“We’ve had a very successful start given some bumps and some bruises, and we’re still going forward,” said Best of the efforts at openness.
Best and Parker attribute that success to a hard working board, an open-minded staff and an engaged student body.
“I have heard from a lot of [students] that this has been one of the best years,” Best said. “The best administrative staff we’ve had here yet because you smile and you say hi to us and you actually listen.”
Academics suffered during the 2009-2010 transition year. In most measures, state test scores slipped and the school failed to make it’s last Annual Yearly Progress goals.
Picking up the pieces, and the scores
So, in addition to transparency, the school is also re-focussing on academics. Most of the new strategies are centered on better connecting students and parents with staff and school life.
“We’re all working together so that they feel they have a part in making the school better,” said Parker.
To better connect parents to teachers, the school has compiled a list of parent email addresses. That way, teachers can reach parents directly instead of relying on students to deliver a message, said Parker.
“If you ask your child how his day was he’ll usually just say fine and it doesn’t go any further than that,” she said.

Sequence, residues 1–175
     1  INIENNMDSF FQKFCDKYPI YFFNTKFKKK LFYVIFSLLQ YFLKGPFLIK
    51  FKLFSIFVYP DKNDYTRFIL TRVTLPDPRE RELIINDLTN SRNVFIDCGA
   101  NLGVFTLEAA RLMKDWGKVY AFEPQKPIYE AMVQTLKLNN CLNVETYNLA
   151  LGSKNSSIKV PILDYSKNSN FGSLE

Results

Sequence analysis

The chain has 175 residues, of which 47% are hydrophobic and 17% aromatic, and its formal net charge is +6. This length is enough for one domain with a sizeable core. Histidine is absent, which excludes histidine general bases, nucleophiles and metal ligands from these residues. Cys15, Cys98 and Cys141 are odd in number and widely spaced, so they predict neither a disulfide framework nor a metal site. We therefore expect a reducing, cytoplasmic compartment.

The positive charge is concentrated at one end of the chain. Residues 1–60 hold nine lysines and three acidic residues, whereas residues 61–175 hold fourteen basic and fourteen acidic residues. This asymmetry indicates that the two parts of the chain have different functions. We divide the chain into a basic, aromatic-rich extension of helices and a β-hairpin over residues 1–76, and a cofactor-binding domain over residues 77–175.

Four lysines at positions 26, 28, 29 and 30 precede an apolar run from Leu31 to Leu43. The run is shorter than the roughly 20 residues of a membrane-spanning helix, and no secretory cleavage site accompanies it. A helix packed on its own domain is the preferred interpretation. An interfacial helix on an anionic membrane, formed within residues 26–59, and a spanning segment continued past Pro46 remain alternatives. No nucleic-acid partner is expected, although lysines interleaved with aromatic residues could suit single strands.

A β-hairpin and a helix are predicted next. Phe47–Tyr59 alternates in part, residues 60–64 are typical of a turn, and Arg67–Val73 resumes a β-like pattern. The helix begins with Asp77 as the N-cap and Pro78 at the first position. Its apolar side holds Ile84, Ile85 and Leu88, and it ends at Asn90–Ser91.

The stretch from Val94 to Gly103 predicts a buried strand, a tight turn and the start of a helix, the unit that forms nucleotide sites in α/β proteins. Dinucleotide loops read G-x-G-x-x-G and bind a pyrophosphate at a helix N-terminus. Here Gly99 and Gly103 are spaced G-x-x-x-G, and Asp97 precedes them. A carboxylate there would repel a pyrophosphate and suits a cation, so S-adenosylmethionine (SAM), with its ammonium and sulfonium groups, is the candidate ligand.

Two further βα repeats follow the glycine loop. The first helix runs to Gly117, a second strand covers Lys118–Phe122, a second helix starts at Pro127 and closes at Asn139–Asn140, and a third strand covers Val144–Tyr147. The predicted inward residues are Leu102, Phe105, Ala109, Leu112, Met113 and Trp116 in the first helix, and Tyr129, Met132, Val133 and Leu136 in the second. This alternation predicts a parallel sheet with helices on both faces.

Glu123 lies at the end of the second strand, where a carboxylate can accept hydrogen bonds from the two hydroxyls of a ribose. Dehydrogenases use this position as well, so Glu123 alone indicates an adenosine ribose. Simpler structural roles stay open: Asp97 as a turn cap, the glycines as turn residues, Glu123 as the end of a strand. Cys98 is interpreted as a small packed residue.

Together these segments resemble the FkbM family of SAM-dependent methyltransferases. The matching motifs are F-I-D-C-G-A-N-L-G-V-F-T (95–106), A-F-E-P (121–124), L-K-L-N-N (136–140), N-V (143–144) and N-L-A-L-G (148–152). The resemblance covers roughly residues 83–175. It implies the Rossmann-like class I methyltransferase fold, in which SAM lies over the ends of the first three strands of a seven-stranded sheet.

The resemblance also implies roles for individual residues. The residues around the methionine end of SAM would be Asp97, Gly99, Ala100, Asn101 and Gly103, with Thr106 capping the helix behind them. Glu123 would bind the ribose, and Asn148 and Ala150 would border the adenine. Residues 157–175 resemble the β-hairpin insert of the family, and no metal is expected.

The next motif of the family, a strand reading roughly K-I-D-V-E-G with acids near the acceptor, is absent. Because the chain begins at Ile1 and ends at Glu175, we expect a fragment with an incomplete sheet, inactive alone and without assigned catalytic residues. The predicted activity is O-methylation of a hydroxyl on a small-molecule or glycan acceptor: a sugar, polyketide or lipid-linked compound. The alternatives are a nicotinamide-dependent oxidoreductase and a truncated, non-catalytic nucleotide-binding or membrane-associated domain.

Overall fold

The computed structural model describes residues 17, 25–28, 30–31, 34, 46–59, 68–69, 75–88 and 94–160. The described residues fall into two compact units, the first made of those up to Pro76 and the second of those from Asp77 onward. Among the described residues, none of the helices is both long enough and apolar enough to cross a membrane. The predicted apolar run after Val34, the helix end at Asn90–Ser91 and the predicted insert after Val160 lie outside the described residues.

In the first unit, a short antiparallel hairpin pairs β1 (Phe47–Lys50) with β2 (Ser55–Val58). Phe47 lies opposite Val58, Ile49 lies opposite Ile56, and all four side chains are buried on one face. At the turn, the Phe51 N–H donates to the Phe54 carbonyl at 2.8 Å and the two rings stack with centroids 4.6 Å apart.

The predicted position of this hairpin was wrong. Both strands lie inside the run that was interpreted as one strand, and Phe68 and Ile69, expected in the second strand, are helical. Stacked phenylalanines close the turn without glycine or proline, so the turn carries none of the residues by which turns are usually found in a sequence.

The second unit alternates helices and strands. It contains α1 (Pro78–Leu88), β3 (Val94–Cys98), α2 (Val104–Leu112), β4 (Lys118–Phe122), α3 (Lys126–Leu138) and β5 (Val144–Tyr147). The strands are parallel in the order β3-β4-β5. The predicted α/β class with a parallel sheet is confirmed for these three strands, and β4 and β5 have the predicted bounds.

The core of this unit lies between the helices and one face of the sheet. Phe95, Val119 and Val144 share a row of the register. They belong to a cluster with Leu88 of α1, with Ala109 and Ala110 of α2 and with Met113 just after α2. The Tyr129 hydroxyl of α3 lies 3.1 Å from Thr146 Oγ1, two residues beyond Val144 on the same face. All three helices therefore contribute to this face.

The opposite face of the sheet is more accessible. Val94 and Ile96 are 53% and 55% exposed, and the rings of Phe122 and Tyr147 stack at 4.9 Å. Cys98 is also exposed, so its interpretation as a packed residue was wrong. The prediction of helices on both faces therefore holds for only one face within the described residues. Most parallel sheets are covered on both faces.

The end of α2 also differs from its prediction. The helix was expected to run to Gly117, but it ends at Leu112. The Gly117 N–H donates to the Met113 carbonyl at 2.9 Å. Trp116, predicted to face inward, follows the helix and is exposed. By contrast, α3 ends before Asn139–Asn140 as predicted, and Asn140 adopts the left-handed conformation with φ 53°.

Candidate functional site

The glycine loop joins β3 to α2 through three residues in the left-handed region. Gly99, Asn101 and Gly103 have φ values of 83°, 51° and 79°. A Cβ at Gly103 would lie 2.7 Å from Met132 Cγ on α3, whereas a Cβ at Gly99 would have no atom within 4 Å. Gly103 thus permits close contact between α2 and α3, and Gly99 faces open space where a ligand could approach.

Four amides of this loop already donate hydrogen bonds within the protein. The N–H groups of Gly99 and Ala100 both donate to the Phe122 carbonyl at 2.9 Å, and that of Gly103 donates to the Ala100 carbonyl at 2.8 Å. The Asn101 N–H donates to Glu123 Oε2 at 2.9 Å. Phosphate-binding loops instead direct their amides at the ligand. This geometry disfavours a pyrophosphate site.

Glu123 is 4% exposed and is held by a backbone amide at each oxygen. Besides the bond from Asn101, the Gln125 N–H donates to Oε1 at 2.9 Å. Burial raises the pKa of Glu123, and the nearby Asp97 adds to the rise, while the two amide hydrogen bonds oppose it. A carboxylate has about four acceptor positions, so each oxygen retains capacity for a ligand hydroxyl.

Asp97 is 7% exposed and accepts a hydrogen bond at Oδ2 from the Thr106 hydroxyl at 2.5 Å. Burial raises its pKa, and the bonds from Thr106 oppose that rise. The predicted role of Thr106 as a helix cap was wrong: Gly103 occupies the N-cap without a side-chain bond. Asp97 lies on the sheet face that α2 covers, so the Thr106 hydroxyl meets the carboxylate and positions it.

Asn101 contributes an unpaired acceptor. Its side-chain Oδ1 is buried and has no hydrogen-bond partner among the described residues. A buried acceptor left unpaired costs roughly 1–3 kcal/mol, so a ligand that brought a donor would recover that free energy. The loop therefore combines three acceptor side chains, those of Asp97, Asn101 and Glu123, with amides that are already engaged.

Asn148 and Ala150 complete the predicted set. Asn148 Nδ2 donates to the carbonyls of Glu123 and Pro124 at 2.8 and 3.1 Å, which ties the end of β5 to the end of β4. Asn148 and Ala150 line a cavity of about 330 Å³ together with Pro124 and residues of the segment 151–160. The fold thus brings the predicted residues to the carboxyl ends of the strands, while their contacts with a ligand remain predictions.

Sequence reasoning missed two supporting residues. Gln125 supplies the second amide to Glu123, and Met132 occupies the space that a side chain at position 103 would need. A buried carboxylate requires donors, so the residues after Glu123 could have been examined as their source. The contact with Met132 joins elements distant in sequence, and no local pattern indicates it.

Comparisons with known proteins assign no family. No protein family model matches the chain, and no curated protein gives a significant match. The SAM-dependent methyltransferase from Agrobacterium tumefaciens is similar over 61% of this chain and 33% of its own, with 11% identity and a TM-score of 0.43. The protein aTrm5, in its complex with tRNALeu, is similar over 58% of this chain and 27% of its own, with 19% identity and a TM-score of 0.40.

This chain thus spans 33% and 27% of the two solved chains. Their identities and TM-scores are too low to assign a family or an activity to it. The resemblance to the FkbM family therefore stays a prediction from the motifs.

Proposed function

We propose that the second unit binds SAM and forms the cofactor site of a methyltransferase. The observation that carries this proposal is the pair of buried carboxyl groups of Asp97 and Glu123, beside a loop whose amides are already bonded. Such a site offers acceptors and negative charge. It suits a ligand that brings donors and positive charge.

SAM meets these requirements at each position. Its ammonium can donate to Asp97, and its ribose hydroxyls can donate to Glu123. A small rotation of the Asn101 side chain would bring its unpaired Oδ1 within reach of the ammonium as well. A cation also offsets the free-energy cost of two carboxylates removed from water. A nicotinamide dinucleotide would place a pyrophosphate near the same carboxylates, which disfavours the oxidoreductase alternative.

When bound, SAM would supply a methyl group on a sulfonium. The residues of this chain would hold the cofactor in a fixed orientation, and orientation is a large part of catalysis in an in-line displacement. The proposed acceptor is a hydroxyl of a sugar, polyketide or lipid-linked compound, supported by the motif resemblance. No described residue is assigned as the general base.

Along the same lines, students swipe an I.D. card that lets everyone know who is in the building. The same system will automatically alert parents through an automated call if their child is late.
In the future, Parker said she’d like to use automated messages to make parents aware of upcoming meetings and events.
Similar avenues for communication are woven into a web-based, self-paced curriculum all 12th graders started this year through the Penn Foster Career School.
Instead of taking daily classes with New Media faculty, students select their courses from an online catalogue and largely move through assignments and tests on their own. The courses, meant to mimic a freshman year at college, are virtually led by Penn Foster teachers.